And as brazen as that strategy is in a country with constitutional protections for freedom of the press, the bigger shock is that it is having some success.
This is especially true among Republicans.
A Vanity Fair/60 Minutes poll from April found 36 percent of Republicans say they believe freedom of the press “does more harm than good.”
Recently, the president called attention to a Politico/Morning Consult poll that found 46 percent of Americans believe the media “fabricates stories” to damage him and his administration. In the same poll, 37 percent said the media does not fabricate and 17 percent said they didn’t know.
Trump’s desire to make the American news media into his version of Pravda — the Russian government’s propaganda sheet — is being criticized even by some on the right.
“This isn’t a game. It isn’t just Trump being Trump. It is a new front in his endless attack on a central pillar of our liberties — a free press,” GOP strategist Rick Wilson, a longtime critic of the president, wrote recently in the Daily Beast.
Bernie Goldberg, a Fox News commentator, wrote this rebuke on his website:
“As with so many things, this president is just plain wrong. Journalists have biases; they make mistakes; sometimes they’re sloppy; and worst of all, sometimes they have a political agenda. But fabricating stories that they know are not true, inventing fake news sources: that is so rare as to be virtually nonexistent.”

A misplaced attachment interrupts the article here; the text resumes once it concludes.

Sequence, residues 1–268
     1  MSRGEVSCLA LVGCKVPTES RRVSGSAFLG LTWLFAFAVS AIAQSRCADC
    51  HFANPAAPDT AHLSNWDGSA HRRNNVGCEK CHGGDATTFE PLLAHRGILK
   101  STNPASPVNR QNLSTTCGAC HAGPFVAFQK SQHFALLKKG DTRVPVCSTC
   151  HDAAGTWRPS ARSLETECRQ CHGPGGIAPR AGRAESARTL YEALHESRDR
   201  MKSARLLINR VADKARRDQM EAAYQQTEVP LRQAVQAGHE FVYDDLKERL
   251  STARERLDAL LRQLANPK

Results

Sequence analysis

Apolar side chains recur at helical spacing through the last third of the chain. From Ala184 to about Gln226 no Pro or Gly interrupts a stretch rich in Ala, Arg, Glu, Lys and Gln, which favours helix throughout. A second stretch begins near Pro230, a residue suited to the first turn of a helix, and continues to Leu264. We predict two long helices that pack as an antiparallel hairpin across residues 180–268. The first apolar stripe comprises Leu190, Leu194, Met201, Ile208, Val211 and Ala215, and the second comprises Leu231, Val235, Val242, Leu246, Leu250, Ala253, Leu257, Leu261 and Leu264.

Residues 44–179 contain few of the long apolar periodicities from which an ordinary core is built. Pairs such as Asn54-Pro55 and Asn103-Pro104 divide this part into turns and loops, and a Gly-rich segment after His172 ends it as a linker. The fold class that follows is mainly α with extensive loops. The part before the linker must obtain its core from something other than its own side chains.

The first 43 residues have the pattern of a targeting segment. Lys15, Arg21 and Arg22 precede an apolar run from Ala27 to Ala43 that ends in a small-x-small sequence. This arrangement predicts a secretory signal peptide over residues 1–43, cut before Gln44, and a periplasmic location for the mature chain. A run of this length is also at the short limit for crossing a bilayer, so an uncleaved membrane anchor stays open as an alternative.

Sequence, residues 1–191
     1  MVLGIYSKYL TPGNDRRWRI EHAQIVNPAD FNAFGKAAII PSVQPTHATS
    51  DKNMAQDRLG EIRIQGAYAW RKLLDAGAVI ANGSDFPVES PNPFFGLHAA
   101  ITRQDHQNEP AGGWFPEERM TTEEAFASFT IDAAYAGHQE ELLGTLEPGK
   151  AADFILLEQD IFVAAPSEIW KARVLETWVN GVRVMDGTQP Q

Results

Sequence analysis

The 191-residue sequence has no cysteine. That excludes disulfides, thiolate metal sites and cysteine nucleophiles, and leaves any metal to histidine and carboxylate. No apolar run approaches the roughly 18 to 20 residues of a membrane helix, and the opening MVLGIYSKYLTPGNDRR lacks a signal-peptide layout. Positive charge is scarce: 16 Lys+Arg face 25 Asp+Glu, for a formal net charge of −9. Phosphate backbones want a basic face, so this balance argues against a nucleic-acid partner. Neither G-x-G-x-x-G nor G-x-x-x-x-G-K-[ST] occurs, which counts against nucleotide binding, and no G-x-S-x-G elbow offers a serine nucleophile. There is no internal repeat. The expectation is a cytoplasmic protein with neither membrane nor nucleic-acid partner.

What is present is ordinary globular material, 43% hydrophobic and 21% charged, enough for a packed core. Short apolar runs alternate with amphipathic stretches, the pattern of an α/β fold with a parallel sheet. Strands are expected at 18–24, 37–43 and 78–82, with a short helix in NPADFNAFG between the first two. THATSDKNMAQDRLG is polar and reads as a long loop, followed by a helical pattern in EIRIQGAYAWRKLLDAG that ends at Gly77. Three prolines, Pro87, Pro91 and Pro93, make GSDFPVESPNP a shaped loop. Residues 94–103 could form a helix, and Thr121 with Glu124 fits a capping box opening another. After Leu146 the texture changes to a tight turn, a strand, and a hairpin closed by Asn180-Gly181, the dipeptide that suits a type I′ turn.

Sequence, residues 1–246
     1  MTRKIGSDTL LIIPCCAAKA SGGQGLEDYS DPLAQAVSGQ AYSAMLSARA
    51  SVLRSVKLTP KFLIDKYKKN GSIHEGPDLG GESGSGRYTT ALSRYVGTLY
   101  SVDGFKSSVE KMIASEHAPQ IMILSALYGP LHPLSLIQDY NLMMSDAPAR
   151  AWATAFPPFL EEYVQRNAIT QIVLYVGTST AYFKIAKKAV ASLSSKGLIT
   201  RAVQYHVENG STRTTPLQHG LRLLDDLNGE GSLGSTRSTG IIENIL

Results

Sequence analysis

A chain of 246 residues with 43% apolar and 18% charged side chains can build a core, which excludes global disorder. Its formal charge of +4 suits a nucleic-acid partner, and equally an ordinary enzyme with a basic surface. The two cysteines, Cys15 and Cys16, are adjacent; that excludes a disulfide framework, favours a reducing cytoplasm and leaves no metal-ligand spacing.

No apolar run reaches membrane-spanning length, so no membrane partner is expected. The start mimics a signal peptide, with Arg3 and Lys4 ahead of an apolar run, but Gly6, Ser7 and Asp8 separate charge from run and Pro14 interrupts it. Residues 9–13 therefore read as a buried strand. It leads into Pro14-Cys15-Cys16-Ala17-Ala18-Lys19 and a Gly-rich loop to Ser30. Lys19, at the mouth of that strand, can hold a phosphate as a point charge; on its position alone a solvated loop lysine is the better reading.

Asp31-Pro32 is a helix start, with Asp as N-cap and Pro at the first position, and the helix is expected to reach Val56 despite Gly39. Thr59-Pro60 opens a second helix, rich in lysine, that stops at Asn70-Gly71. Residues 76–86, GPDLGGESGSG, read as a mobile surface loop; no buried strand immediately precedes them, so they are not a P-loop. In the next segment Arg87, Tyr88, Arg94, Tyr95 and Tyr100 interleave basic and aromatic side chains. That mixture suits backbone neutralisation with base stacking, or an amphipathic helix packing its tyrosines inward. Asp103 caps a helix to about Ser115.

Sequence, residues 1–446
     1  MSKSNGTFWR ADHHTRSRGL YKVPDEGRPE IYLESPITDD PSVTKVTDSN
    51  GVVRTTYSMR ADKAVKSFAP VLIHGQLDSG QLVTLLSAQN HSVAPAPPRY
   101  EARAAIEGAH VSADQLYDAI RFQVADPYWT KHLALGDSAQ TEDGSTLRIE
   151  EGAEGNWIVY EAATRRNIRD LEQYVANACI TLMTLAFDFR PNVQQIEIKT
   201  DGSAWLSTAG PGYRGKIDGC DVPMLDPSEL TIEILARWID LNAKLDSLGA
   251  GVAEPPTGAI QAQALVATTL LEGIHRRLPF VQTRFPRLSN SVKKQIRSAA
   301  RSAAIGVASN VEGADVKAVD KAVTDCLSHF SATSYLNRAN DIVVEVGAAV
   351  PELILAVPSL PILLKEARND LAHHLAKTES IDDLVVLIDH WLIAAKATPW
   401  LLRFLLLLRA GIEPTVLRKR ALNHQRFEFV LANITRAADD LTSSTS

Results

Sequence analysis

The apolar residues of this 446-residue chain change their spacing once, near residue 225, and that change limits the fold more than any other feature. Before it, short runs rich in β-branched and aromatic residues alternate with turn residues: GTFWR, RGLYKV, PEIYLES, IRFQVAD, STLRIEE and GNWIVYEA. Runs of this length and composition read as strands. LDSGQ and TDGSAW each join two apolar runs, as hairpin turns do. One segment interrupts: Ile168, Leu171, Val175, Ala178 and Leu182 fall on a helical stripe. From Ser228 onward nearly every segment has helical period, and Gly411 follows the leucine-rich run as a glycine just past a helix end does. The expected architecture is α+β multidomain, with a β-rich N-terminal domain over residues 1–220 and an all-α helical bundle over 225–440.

Bret Baier, the Fox News anchor and my colleague, said last week that Trump’s criticism of the press is now “way over the top.”
Another colleague, Fox News Sunday host Chris Wallace, said in a separate interview he dislikes media personalities who join Trump in “bashing the media, because oftentimes what they are bashing is stuff that we on the news side are doing.”
As a journalist, I have been critical of President Trump. That has led to Twitter taunting against me by Trump. And then there are the countless racist and hateful comments posted to my social media pages by self-described Trump supporters.
When National Public Radio (NPR) fired me in 2010 for speaking my mind about fear of Muslim terrorism, principled conservatives — even those who disliked me — rose to my defense and called NPR out for their censorship and thug tactics to stifle free speech.
When the Obama administration’s press shop waged a campaign to delegitimize Fox News by excluding it from a White House pool interview in 2009, journalists — even those who didn’t like Fox — stood up and said that was wrong.
If people were outraged by what NPR did to me and what the Obama White House did to Fox, then their principles must dictate that they are similarly outraged by Trump’s treatment of the press.
Recall what President Jefferson wrote in his famous letter to Edward Carrington:
“Were it left to me to decide whether we should have a government without newspapers, or newspapers without a government, I should not hesitate a moment to prefer the latter.”
How far we’ve come from Jefferson’s wisdom to Trump’s ugly, ignorant threats.
Fake News, indeed.